Motor racing-Pirelli to review F1 tyres but no safety concerns
BARCELONA May 11 (Reuters) - Pirelli are reviewing the construction of their Formula One tyres after a series of spectacular debris-related failures but have assured drivers they need not worry about safety.
Concern was expressed at the Spanish Grand Prix when the tread came off the still-inflated left rear tyre of Paul Di Resta's Force India during Friday's second practice.
Ferrari's Felipe Massa suffered two failures during the Bahrain Grand Prix last month and Lewis Hamilton collected a grid penalty after his Mercedes needed an unscheduled gearbox change following tyre damage.
Paul Hembery, Pirelli's motorsport director, told Reuters on Saturday that the problem occurred when debris on the track penetrated the tread rather than the sidewall of the tyre.
This was because the Italian manufacturer has introduced a high-tensile steel belt under the tread to make it hard for objects to penetrate the tyre and cause a sudden deflation.
"What we have changed this year...is that when there is debris or an issue, it doesn't cut through the belt pack and deflate the tyre which is what would have happened last year," he said.
"Instead, it's arriving at the belt pack and then you get the tread being the weak point. It overheats and comes away, which visually is very dramatic although the structure is still intact."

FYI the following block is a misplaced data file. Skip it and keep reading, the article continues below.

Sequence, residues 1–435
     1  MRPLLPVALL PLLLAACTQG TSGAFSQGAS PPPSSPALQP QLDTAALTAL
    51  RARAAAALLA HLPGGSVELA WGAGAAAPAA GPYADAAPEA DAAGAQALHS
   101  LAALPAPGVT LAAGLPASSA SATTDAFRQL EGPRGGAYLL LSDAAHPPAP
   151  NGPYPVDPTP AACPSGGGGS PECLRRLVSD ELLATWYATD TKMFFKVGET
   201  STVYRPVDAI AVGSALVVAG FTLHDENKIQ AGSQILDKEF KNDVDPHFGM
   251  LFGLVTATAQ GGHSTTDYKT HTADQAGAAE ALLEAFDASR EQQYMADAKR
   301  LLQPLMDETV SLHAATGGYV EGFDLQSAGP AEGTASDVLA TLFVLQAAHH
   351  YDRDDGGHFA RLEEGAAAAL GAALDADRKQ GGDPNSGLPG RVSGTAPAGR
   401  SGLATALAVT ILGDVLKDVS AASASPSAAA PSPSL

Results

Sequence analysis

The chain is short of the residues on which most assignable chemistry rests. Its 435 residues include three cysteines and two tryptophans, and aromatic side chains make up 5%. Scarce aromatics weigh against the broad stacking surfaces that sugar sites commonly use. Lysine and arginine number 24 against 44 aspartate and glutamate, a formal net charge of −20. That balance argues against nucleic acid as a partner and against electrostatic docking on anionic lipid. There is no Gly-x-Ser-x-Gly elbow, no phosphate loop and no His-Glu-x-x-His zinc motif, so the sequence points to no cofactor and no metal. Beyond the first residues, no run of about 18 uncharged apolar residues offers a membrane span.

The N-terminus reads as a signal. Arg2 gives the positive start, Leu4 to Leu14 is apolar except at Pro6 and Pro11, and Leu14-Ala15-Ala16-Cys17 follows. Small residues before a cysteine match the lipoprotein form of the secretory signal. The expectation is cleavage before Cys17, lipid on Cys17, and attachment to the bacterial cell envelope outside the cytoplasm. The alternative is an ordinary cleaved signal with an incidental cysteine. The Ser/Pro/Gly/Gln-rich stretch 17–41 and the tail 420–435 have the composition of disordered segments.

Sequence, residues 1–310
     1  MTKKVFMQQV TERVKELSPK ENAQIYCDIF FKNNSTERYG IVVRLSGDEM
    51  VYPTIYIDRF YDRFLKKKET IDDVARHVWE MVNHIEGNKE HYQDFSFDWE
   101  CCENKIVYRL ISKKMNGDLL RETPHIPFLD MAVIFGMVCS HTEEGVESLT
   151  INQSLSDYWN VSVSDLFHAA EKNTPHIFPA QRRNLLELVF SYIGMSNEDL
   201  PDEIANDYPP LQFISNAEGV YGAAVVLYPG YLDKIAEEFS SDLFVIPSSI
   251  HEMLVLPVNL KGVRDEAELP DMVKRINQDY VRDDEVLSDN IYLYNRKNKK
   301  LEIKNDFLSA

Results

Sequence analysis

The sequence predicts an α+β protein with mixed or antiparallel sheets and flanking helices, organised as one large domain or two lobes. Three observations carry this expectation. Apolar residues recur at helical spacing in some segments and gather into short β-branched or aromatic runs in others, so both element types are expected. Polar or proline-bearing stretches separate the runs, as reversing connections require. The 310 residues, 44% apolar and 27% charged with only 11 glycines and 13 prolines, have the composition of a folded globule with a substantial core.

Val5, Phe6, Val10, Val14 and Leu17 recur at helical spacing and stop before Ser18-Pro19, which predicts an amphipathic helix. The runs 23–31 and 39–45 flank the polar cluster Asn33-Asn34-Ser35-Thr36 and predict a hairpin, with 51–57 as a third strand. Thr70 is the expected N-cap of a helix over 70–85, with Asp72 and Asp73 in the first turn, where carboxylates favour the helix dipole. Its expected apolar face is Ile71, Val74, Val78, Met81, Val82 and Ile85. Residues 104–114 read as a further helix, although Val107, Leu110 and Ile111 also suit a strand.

Hembery said Di Resta's tyre still had a pressure reading of 17 psi when the car came back to the garage.
"Last year that would have collapsed on to the rim and (the car) probably would have crawled down the pitlane on three wheels. It's the mode of failure that's changed," explained the Briton.
"Bizarrely, it's probably safer this way.
"For us, it's worse because it's visually - from a tyremaker's point of view - not great. From a safety point of view, it's probably safer because the actual tyre is still inflated. It's not something due to quality or design."
Hembery said Pirelli would seek a solution to the problem but it would not be available until at least the British Grand Prix at the end of June because teams would have to agree any changes that could affect performance of their cars.
That will mean similar failures could occur at the Monaco and Canadian Grands Prix before Silverstone.
"We can't test and if we make too dramatic changes we influence maybe the aerodynamics and some of the chassis design," said Hembery.
"If we make anything significant, we have to convey it to the teams and we have to know if that is going to affect what they are doing. It's a very delicate balance.
"Is our solution to make the tyre deflate when it has debris? Does that look better from a tyre maker's point of view? Is it worse for the teams or better? It's a strange dilemma to be in," he added.
Hembery said Hamilton's issue in Bahrain was slightly different to others, in that there was either a suspension problem or something on the track that broke the suspension, but Massa's punctures were clearly caused by debris.
"There were cuts in the tyres. I found a bit of one car in one (tyre) and I know which one it was because it had the branding on it," he said with a smile.
"We are frustrated, because we don't like to see it (the tread coming off) but we are not alarmed for any safety issues." (Editing by Ed Osmond)
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